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Constitutionalizing multilevel governance?

Research output: Contribution to journalJournal article


<mark>Journal publication date</mark>2008
<mark>Journal</mark>International Journal of Constitutional Law
Issue number3-4
Number of pages23
Pages (from-to)457-479
<mark>Original language</mark>English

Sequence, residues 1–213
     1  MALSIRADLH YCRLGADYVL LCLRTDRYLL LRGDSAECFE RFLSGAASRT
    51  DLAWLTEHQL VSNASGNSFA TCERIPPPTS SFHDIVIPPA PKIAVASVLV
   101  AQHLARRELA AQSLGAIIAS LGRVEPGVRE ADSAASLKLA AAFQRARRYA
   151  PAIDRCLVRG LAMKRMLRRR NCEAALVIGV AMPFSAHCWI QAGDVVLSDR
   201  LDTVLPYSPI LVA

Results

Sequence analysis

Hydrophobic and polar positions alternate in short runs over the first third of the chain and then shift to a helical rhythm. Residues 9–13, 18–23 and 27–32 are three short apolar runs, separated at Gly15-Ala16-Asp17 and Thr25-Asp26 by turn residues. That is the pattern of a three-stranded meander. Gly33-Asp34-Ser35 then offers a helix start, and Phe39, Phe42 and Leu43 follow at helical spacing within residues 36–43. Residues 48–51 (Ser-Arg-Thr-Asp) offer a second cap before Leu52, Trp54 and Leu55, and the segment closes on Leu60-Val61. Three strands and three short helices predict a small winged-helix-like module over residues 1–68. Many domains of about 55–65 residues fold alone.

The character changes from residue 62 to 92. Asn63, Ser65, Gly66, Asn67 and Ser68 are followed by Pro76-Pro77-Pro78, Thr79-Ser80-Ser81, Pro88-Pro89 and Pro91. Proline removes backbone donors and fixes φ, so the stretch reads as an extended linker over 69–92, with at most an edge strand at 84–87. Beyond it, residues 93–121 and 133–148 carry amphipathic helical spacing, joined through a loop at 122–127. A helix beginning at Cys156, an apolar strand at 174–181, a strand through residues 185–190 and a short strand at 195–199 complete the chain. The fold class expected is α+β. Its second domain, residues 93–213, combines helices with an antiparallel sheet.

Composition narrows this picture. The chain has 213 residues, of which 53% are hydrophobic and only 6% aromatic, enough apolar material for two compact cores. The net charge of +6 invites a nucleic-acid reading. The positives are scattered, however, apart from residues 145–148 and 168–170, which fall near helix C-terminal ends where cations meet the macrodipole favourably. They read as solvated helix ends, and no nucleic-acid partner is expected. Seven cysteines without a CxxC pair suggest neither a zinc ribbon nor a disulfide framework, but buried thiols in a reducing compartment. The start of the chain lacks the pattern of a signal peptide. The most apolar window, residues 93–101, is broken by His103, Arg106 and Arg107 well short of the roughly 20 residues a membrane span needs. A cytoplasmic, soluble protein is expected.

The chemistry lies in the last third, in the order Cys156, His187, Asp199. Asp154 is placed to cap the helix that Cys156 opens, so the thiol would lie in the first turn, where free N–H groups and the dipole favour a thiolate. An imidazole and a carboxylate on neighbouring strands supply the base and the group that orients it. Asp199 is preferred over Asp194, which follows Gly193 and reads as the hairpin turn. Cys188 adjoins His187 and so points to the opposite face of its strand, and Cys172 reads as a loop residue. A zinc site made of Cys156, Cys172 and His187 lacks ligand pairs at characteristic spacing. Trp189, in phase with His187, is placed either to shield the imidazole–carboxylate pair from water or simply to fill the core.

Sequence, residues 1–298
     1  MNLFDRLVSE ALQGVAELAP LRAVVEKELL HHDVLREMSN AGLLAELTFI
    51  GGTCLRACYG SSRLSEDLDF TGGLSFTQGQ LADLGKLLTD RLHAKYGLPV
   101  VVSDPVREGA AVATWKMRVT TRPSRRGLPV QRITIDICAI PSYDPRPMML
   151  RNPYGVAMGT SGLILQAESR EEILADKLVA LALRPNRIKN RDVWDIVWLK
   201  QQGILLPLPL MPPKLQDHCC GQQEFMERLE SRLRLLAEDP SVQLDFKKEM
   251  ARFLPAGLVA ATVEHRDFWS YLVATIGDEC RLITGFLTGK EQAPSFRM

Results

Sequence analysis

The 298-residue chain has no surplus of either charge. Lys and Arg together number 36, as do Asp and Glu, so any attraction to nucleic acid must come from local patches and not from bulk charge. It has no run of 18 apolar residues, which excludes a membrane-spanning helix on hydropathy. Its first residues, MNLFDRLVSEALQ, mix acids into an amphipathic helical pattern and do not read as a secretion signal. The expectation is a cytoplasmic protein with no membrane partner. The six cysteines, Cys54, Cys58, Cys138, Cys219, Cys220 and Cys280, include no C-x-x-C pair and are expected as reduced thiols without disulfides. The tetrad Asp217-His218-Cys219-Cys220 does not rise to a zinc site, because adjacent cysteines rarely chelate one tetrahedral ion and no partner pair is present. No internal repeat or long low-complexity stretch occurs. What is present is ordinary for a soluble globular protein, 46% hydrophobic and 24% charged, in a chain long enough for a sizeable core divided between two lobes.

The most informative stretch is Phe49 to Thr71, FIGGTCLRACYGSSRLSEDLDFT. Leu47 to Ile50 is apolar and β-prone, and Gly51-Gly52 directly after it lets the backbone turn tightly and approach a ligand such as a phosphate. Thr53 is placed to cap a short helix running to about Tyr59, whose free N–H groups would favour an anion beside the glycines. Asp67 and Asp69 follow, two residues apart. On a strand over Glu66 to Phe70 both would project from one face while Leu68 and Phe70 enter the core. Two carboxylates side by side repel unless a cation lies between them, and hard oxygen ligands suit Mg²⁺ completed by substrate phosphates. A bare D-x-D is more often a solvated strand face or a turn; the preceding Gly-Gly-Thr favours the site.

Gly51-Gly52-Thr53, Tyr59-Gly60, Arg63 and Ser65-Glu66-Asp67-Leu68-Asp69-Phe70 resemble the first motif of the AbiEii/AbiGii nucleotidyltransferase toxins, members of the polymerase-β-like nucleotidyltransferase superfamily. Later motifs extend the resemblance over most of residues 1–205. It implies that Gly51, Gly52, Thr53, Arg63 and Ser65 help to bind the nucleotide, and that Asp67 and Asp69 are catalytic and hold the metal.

Multilevel governance entails transformations of statehood, leading to significant changes both in the public sphere of politics and the private sphere of economic activity and in their modes of interaction, the law included. The fragmentation of the public sphere and the decentering of the state have led to new types of regulation and the emergence of global regulatory networks, thereby intermingling the public and the private. The transition from government to governance blurs a clear hierarchy of norms and the distinctions between hard/soft and public/private law; it encourages a fragmentation of public functions. Renewed international legalization has been seen by some in formalist terms, as a way of providing some certainty and predictability; this view has been used to buttress the legitimacy of global governance Although there have been attempts to improve coordination between international regimes, they seem generally to spawn further regulatory networks; any formal constitutionalization of international regimes seems unlikely.